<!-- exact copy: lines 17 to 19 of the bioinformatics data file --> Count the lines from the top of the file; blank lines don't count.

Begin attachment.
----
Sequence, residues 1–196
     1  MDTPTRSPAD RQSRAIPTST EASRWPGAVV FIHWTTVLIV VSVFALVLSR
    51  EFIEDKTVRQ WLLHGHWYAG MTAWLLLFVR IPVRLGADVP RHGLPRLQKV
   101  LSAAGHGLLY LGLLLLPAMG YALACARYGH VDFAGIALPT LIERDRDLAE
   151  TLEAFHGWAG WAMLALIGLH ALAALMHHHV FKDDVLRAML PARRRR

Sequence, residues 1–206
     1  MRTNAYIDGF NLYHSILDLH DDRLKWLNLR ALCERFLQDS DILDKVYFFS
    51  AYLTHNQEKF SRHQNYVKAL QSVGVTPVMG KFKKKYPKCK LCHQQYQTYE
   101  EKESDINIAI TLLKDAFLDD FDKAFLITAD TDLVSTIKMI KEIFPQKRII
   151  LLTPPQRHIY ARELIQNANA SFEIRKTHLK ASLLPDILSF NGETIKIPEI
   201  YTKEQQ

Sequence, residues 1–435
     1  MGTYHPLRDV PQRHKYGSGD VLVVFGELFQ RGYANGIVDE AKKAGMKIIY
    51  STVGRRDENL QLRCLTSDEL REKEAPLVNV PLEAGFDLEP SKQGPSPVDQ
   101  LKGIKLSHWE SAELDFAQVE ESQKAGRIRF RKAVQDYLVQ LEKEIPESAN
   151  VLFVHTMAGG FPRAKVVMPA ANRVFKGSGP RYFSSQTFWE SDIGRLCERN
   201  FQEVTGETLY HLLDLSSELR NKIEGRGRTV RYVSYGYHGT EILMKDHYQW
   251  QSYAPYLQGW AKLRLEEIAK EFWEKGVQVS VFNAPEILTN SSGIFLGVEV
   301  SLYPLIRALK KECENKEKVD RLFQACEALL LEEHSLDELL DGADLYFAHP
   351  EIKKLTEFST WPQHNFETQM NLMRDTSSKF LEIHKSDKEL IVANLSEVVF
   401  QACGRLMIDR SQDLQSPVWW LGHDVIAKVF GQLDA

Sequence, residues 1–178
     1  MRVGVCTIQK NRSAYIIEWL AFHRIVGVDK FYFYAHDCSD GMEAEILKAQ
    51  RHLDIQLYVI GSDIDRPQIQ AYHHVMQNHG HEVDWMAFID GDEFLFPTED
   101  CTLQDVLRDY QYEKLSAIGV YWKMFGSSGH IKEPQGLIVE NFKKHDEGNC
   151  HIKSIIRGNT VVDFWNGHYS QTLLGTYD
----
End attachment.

   201  FQEVTGETLY HLLDLSSELR NKIEGRGRTV RYVSYGYHGT EILMKDHYQW
   251  QSYAPYLQGW AKLRLEEIAK EFWEKGVQVS VFNAPEILTN SSGIFLGVEV
   301  SLYPLIRALK KECENKEKVD RLFQACEALL LEEHSLDELL DGADLYFAHP